“A lot more companies are studying targets and trying to reduce their emissions,” she adds from experience. “And companies are definitely motivated by more than just complying with regulations. It’s often a matter of being motivated by social responsibility.”

As CAPP has underscored in various studies and proposals, energy industry investment is also a vital factor when it comes to environmental stewardship. “An ongoing commitment to invest funds into technology and innovation to allow substantial progression in a lower-emission energy system will generate more revenue for government, communities and industry,” McMillan explains.

McMillan enthusiastically points out, “Canada has one of the world’s toughest carbon policies based on both price and stringency and is also a leader in reducing methane emissions in the energy industry. World-class regulatory

“Responsible development grows the industry, which in turn grows the economy while innovation and technology offer opportunities for job creation. When it comes to policies and regulations, striking a balance is important. Cumulative LEFT: TIM MCMILLAN, PRESIDENT AND CEO OF THE CANADIAN ASSOCIATION OF PETROLEUM PRODUCERS (CAPP). RIGHT: DR. IRENE HERREMANS, SUSTAINABLE ENERGY DEVELOPMENT PROFESSOR AT THE HASKAYNE SCHOOL OF BUSINESS.

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ALBERTA'S ELECTRONICS RECYCLING PROGRAM IS READY TO SERVE YOU. Old computers (including keyboards, mice, cables and speakers), monitors, printers, copiers, servers and TVs can take up a lot of valuable office and storage space‌ and it would be such a waste to throw them out.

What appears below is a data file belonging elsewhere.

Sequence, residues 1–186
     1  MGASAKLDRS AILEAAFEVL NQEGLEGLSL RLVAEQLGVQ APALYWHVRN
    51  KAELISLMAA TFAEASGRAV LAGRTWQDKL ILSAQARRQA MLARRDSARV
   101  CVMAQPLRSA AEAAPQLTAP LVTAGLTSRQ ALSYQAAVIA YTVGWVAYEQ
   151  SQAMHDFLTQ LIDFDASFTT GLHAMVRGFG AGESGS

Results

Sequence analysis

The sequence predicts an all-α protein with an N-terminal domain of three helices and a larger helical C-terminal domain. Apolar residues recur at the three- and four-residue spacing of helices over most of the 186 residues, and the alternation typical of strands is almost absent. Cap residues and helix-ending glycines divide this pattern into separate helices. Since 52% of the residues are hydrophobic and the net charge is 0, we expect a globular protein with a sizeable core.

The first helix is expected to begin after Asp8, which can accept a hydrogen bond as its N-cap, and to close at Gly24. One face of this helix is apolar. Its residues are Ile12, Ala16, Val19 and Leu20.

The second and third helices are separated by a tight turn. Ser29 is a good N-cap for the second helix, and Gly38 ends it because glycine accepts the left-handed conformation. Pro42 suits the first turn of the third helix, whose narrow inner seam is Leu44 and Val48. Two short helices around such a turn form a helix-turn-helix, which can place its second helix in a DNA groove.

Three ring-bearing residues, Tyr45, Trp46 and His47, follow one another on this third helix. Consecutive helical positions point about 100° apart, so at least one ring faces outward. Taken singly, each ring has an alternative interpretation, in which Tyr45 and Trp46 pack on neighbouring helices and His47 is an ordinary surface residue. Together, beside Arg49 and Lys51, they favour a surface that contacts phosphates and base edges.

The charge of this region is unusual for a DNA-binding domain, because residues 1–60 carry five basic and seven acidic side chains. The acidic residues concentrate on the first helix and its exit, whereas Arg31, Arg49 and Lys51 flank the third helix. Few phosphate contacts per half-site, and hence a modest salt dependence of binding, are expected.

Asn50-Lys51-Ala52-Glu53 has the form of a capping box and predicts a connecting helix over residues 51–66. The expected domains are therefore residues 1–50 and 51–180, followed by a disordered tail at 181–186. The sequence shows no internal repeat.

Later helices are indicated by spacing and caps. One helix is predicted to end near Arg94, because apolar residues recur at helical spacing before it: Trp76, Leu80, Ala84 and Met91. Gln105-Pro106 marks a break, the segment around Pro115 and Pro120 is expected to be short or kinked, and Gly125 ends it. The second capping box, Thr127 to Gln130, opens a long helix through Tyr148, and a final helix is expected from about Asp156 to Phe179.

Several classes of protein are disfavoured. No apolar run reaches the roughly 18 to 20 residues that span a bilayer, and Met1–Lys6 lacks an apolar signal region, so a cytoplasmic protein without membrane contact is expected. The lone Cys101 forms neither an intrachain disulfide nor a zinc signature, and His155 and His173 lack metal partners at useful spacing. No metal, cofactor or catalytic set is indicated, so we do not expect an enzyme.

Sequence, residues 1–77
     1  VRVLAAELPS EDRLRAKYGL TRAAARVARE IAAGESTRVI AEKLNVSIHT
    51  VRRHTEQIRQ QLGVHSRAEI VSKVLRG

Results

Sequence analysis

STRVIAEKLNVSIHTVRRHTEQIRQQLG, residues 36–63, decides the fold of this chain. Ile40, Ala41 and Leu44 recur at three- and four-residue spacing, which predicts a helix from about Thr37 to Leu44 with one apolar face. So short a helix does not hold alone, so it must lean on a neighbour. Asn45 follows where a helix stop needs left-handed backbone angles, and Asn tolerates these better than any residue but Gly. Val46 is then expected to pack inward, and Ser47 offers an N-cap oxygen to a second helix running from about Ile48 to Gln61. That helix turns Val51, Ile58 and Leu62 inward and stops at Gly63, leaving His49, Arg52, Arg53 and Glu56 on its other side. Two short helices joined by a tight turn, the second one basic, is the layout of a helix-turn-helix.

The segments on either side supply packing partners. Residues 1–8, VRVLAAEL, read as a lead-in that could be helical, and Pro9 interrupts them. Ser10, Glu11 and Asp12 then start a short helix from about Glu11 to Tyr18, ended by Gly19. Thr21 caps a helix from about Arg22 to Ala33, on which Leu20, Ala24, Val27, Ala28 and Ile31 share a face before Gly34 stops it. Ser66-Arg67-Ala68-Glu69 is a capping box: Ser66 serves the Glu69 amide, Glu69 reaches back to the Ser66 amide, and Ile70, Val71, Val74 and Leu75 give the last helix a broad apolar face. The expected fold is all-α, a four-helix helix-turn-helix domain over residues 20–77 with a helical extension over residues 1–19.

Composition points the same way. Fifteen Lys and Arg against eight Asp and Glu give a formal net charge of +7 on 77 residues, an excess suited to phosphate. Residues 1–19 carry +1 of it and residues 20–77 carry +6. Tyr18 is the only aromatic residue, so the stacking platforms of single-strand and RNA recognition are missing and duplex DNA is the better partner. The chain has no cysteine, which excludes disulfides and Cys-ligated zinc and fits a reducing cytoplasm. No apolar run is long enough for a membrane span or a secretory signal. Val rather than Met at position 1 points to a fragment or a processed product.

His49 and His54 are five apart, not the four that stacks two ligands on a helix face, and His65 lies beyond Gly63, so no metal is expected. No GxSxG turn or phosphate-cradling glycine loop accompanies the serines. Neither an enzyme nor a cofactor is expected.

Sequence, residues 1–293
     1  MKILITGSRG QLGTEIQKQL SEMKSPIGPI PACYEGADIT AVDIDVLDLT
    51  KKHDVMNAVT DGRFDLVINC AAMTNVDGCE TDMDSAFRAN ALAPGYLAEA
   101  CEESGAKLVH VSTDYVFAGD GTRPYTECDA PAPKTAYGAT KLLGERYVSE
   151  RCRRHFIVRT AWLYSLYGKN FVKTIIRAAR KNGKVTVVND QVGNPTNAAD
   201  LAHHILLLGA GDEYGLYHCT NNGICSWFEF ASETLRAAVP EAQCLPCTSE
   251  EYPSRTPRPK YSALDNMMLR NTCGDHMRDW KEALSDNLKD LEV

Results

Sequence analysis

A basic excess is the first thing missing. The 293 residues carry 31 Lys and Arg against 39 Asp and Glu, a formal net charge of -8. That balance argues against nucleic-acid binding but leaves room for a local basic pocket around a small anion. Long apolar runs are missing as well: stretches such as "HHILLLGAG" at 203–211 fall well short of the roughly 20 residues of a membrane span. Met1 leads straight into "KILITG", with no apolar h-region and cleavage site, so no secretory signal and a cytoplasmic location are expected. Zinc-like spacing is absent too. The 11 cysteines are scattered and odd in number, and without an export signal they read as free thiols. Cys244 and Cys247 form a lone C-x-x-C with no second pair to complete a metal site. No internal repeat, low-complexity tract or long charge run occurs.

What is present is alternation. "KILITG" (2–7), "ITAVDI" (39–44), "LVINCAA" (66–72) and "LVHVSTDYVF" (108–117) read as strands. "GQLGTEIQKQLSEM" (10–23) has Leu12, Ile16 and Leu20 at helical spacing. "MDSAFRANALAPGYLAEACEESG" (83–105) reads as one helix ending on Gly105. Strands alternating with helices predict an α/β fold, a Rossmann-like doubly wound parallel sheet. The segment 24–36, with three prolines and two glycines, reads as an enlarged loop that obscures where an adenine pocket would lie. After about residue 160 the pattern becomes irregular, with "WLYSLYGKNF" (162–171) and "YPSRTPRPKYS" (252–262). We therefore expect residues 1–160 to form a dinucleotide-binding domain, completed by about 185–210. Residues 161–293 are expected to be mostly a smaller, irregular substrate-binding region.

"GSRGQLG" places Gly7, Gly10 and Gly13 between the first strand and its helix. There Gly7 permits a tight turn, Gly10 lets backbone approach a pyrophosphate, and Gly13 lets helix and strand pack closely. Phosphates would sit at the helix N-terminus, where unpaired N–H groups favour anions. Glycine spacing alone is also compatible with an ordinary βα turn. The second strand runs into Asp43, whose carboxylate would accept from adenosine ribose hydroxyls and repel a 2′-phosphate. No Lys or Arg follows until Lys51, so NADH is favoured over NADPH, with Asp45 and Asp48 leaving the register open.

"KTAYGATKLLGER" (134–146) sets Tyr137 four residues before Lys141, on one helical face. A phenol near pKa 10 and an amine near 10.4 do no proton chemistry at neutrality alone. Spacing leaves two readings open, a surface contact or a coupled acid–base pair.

Dropping off your old electronics?

How are electronics recycled?

Across Alberta, 370 municipal electronics recycling depots are ready to accept your old electronics. Just go to www.albertarecycling.ca to find your nearest location.

Electronics are taken apart at the registered recyclers’ facilities and separated into glass, metal and plastic. These materials are then sent back into the manufacturing supply chain to be made into new products.

Worried about information still on your hard drive? The Electronics Program requires registered recyclers to destroy all hard drives as part of the recycling process. They can also provide you with a Certificate of Destruction.

No time to drop them off? Seven registered electronics recyclers provide pick-up service. Contact them directly to make arrangements. Their information can be found at www.albertarecycling.ca, or by calling Alberta Recycling at 1-888-999-8762.

If you would like more information visit www.albertarecycling.ca